2020 and COVID19
2020 has demonstrated the best and worst leadership internationally, nationally and locally. The last few months have been a leadership crucible for all of us, one we weren’t seeking, but perhaps needed. As the situation with COVID19 emerges, leaders are responding in a myriad of ways.
Phase 1 tested our ability to react swiftly. As we moved through the shock and awe of the initial phase, speed and improvisation were key (how many people are using a raspberry pi camera as a webcam? a sheet as a green screen? a picnic table as a desk? Fast decision making was the order of the day and continues to be as leaders are responding to the crisis.
Phase 2 settled into how we responded to the crisis and for a sustained work-from-home and a different way of working. The pace steadied, here the focus was on adapting the decisions from Phase 1, maintaining the sense of team across the organization. Adapting to new information and requirements.
Leaders are responding as Phase 3 conversations are starting to happen: As the safer-at-home restrictions are beginning to be relaxed. We’re cautiously coming out of our homes and return to school, work, and play. However, while some things have returned to normal (fewer empty grocery shelves or a dearth of toilet paper) somethings most definitely have not. Social distancing, new cleaning protocols, masks, and more, form part of the “new rules of engagement” for return-to-office. We’re depending on each other more than ever to stay safe, productive, and healthy.
How leaders are responding
As uncertainty continues leadership matters. Your leadership matters. As leaders, at home and at work, we all need to continue to flex our approach. I asked friends and colleagues what they were hearing from clients, leaders, and coaching participants. Here is what they shared:
Maintaining and nurturing relationships
“Long gone are the days of compartmentalizing home and work. We’ve always brought our “whole selves” to work, but depending on the culture of the organization, may not have been able to fully express that. There is no more hiding out nor shutting it down.” said Ruby Vesely, “This requires letting go of what we think business “should” look like, and instead double down on acknowledging and “seeing” each other and encouraging expression and development of each individual, thus building stronger connections and strengthening our teams in ways not seen before.”
How are you maintaining and nurturing your relationships and connections? at home and at work?
Preparing and responding to the shifting landscape
Eric Spencer shared “We’ve been operating what was a two-week cycle, then became a month or so, now we’re fixated on returning to the office (RTO), but what does that mean really? Information is coming at us in a ‘fast and furious’ manner, and what we thought was true 3 or 4 weeks ago now just seems silly. As the USA reopens and cases start to spike again, what does that mean for RTO? Are we forcing folks to return to the office? Are we granting them the ‘space and grace’ to feel comfortable when we cannot assure their safety? As new information becomes available, leadership must be transparent with what it knows, and what their intentions are. Gone are the days of the “annual operating plan.” Nimbleness, agility, and a solid dose of humanity is what will make successful leaders during these turbulent and uncertain times.”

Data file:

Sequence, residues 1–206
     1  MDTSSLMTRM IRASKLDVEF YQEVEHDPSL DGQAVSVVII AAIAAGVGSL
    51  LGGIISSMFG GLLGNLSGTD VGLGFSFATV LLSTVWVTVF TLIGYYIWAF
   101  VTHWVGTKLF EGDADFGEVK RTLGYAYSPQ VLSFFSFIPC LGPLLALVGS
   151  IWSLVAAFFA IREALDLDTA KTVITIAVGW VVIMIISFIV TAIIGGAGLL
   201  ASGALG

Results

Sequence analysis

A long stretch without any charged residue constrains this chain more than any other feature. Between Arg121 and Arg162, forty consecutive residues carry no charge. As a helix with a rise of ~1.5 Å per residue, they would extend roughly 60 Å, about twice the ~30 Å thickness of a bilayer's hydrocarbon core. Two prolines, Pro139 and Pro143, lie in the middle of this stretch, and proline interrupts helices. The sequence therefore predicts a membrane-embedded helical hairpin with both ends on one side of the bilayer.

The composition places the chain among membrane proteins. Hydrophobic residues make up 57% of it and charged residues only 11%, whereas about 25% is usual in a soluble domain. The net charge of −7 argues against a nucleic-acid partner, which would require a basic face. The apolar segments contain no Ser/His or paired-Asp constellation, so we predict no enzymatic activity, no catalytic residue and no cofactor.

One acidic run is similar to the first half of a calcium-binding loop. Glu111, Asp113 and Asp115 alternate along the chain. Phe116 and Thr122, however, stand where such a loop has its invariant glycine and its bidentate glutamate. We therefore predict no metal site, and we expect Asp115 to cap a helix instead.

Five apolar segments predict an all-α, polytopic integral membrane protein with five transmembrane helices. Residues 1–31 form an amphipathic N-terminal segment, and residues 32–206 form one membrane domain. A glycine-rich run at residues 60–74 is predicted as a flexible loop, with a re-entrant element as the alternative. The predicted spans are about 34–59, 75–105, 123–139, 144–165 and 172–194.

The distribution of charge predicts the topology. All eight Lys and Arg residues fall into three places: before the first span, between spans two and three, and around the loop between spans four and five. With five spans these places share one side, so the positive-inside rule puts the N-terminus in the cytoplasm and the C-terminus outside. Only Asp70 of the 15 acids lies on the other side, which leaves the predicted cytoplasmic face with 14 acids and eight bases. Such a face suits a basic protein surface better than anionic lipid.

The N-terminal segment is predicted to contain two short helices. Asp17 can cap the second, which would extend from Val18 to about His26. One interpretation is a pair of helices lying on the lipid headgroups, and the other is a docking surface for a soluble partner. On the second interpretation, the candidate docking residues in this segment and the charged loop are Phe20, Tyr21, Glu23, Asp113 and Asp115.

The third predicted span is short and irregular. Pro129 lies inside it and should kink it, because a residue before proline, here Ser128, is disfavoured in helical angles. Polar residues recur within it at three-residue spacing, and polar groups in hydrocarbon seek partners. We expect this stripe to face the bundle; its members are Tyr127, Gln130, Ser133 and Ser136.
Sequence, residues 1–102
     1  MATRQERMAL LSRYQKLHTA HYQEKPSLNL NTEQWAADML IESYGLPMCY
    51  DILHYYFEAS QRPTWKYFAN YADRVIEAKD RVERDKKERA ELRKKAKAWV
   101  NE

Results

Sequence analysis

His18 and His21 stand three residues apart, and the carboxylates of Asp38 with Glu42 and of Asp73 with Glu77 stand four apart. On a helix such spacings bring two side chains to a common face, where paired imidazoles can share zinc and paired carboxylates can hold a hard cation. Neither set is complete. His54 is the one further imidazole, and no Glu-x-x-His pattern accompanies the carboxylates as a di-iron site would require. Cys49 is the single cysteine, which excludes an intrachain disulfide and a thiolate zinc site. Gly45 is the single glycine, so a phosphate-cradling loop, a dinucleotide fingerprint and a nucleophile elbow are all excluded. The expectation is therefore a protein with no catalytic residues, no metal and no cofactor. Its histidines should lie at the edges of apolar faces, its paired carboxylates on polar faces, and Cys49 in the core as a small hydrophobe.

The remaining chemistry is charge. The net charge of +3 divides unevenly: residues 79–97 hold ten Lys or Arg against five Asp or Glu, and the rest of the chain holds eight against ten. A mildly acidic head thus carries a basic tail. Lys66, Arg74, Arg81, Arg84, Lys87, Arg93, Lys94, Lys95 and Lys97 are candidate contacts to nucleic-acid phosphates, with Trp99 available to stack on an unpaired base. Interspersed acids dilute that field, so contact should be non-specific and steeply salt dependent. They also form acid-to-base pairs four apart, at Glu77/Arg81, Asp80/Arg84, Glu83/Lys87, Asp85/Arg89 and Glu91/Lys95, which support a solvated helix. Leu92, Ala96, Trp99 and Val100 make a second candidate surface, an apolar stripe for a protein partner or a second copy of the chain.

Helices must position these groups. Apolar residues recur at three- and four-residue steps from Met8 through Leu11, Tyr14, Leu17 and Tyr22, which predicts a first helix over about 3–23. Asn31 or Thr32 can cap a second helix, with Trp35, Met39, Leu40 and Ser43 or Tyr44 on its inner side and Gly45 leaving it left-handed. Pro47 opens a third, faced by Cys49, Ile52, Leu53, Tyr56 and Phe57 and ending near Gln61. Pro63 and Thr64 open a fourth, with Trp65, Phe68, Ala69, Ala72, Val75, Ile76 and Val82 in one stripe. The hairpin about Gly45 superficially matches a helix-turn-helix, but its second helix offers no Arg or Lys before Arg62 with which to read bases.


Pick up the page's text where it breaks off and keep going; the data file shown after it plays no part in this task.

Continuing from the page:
How are you (and your team) preparing and responding to the shifting landscape at work, and at home?
Cynthia Burnham, Executive Coach emphasized focus “In this new, post-COVID world, clients are facing increased stresses. The added distractions of working from home, pressing family commitments, and the cloud of uncertainty hanging over all of us have created challenges around focus. Humans aren’t very good at multi-tasking normally; now it is worse. It is also extremely hard to be patient when your focus is scattered. I’ve been encouraging all my clients to do whatever works – mindfulness, meditation, exercise, etc. – to keep them present to whatever task they are working on.”
Cynthia went on to share the following quick mindfulness exercise when shifting tasks, and to take 15-30 seconds between tasks to do this:
- Close your eyes. Breathe in through your nose on a five-count.
- Hold for a moment. Exhale through your mouth, feel your shoulders drop and relax.
- Breathe normally for two breaths (or more).
Where do you need to introduce mindfulness in your day at work and home?
Deciding what matters most
As I look to the future it seems to me that patience is going to be key for all of us. Patience to recognize and explore the new landscape; patience with those who want to come back to work early – but shouldn’t; also patience with those who don’t want to come back to work; patience as old systems and processes are adjusted; patience with ourselves as old habits are modified and we relearn the new expectations that support a return to the office.
Great leadership isn’t an accident, don’t leave your leadership reputation and impact to chance. To be the best leader you can be, especially when circumstances may be challenging you to be otherwise, you need to decide what matters most for you, for your team, for your organization. Then you can reflect on how you stack up against that barometer and adjust your approach accordingly because as I mentioned earlier, leadership matters and your personal leadership matters most of all.
Which leadership qualities are important to you, family, and your team right now?